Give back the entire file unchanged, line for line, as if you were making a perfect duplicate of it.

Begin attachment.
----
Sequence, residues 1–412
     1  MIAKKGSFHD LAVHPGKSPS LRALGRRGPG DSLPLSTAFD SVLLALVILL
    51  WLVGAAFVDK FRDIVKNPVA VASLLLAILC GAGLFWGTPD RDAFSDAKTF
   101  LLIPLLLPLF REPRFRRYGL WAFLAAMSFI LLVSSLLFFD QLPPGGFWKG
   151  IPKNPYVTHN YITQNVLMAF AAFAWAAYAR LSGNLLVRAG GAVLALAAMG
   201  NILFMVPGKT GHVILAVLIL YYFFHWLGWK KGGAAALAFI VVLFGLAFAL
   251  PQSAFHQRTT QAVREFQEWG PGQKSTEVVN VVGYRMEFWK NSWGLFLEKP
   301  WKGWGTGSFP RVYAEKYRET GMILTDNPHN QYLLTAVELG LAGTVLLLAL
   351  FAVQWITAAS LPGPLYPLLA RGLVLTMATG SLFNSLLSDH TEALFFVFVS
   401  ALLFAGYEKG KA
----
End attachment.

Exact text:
Sequence, residues 1–412
     1  MIAKKGSFHD LAVHPGKSPS LRALGRRGPG DSLPLSTAFD SVLLALVILL
    51  WLVGAAFVDK FRDIVKNPVA VASLLLAILC GAGLFWGTPD RDAFSDAKTF
   101  LLIPLLLPLF REPRFRRYGL WAFLAAMSFI LLVSSLLFFD QLPPGGFWKG
   151  IPKNPYVTHN YITQNVLMAF AAFAWAAYAR LSGNLLVRAG GAVLALAAMG
   201  NILFMVPGKT GHVILAVLIL YYFFHWLGWK KGGAAALAFI VVLFGLAFAL
   251  PQSAFHQRTT QAVREFQEWG PGQKSTEVVN VVGYRMEFWK NSWGLFLEKP
   301  WKGWGTGSFP RVYAEKYRET GMILTDNPHN QYLLTAVELG LAGTVLLLAL
   351  FAVQWITAAS LPGPLYPLLA RGLVLTMATG SLFNSLLSDH TEALFFVFVS
   401  ALLFAGYEKG KA